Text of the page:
L'École branchée, un organisme à but non lucratif
0.00 $

No products in the cart.

Learn to tell right from wrong on the web

Knowing how to recognize quality information is an increasingly important issue in order to live your citizenship well. Here are some resources on the subject.

Published on :

Posted in:

Knowing how to recognize quality information is an increasingly important issue in order to live your citizenship well. Here are some resources on the subject.

Web accessibility makes access to information within everyone's reach. However, this facility also opens the door wide to the spread of false information. The debate on fake news was at the heart of the recent election of Donald Trump in the United States. Indeed, fake news has multiplied on the Web and on Facebook, among others, particularly in the last weeks of the election campaign.

Catherine Mathys was referring to it on the Radio-Canada website last week and Agence Science Presse had even talked about it before the election. Did this influence the vote?

Facing the challenge of distinguishing right from wrong in school

Le Nouvel Observateur published last year a text by Rose-Marie Farinella Elkabbach, teacher at Taninges primary school, who tells about the process which was undertaken in this school to educate the pupils to discern the real news on the net. All educational material used is available on the site of the Académie de Grenoble. Teachers everywhere will find it a great source of inspiration.

The French Ministry of Education also organized, last year, a study day on the theme "Responding to conspiracy theories", which France Inter summed up well. in a report also including lots of links to useful resources for teachers. Even the official French government website make a place (amazing) to the fight against information manipulation.

Closer to home, Habilomédias has published many educational resources about the authentication of information. Besides, in this post, Marie-Josée Archambault suggests ways to validate whether a piece of information is true or false, such as the following: “Is this news that we so want to share broadcast elsewhere? With the search tools offered by the web, Google at the top of the list, it becomes child's play, using keywords, to quickly find confirmation or denial of a news or a study. "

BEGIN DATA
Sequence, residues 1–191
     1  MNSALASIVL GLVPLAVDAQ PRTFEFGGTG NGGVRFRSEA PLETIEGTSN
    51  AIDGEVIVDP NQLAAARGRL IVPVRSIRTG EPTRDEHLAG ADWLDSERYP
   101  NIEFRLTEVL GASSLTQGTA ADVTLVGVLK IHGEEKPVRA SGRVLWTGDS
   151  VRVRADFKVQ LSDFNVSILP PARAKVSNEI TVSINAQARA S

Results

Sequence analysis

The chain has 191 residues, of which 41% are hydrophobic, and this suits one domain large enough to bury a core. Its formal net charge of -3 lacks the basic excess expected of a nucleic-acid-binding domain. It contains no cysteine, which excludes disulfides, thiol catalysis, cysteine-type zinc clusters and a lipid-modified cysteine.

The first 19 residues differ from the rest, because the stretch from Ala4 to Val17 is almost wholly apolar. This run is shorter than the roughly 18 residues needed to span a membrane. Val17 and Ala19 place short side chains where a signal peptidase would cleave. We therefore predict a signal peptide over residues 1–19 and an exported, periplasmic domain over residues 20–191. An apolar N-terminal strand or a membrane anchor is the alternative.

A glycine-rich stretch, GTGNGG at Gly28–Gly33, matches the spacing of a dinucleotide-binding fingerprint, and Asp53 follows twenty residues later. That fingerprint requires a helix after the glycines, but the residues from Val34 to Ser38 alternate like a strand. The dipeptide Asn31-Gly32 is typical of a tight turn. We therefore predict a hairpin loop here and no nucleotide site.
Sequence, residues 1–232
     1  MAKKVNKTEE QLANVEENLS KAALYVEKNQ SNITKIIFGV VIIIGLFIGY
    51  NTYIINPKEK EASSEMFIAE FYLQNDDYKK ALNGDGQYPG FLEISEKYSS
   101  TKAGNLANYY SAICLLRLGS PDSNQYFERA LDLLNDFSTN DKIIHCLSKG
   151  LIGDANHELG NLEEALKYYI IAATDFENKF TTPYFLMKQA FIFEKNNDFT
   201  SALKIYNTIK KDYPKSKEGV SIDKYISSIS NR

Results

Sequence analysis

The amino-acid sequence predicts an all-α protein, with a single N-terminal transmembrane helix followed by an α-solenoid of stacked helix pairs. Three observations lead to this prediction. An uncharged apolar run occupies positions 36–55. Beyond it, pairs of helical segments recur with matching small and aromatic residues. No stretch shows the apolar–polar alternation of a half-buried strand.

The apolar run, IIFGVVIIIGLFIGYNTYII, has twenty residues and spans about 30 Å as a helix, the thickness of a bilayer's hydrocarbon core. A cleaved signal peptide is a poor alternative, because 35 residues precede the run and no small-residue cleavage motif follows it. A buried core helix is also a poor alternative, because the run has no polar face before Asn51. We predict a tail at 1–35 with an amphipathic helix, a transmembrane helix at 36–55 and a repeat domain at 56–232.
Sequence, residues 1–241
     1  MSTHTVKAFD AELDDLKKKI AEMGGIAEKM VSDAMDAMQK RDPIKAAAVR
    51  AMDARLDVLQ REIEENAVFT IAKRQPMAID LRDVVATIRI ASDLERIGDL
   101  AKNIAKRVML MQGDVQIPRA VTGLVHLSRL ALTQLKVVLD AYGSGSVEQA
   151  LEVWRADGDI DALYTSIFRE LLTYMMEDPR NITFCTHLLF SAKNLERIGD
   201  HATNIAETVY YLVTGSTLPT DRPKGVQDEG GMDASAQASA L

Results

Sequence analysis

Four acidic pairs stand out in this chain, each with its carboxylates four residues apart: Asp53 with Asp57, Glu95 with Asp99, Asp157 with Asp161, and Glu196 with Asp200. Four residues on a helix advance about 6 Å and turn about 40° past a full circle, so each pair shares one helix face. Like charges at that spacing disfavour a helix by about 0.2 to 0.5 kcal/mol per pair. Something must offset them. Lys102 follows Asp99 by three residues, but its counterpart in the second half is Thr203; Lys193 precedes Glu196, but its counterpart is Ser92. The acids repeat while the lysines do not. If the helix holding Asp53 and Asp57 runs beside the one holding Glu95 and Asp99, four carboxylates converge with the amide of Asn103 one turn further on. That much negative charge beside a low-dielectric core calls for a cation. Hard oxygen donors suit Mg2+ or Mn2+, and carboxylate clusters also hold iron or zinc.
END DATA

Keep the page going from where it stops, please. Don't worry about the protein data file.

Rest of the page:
Do you know of other similar resources? If so, feel free to share them with us by leaving a comment below!

About the Author

Clément Laberge
Clement Labergehttp://www.remolino.qc.ca
A graduate in high school science education, Clément is the co-founder of Infobourg, the website now called L'École branchée.

Your comments

To comment on this topic and add your ideas, we invite you to follow us on social networks. All articles are published there and it is also possible to comment directly on Facebook, Twitter or LinkedIn.

Do you have news to share with us or would you like to publish a testimonial?

Publicize your educational project or share your ideas via our Opinion, Testimonials or Press Releases sections! Here's how to do it!

Receive the Weekly Newsletter

Get our Info #DevProf and l'Hebdo so you don't miss out on anything new at École branchée!

You might also like:

Think Before You Click, an activity to educate elementary school students about the dangers of the Internet

Students are increasingly exposed to digital technology, with all the associated risks. The web is a huge and extremely stimulating source of information for learning, but it should be used with caution. Eureka Concept offers a new activity aimed at making primary school students aware of the risks of the web.

Education and citizenship at the heart of Quebec's new Youth Action Plan

The Quebec government recently launched its 2021-2024 Youth Action Plan. This reflects the priorities expressed by young people aged 15 to 29, gathered in recent months during a consultation. Education and citizenship find prominent places there.

The development of ethical citizenship in the digital age: everyone's business from elementary school and for life

Our collaborator Alexandre Chenette shares with us his vision of the development of ethical citizenship in the digital age. While the challenges of the digital age often elicit visceral and powerful emotional responses, it rather invites nuance.

One million school-aged students to vote in federal election

Even though they are not yet of voting age, more than one million elementary and secondary school students will have the opportunity to vote for a local candidate in the 2019 federal election, from 15 to October 18.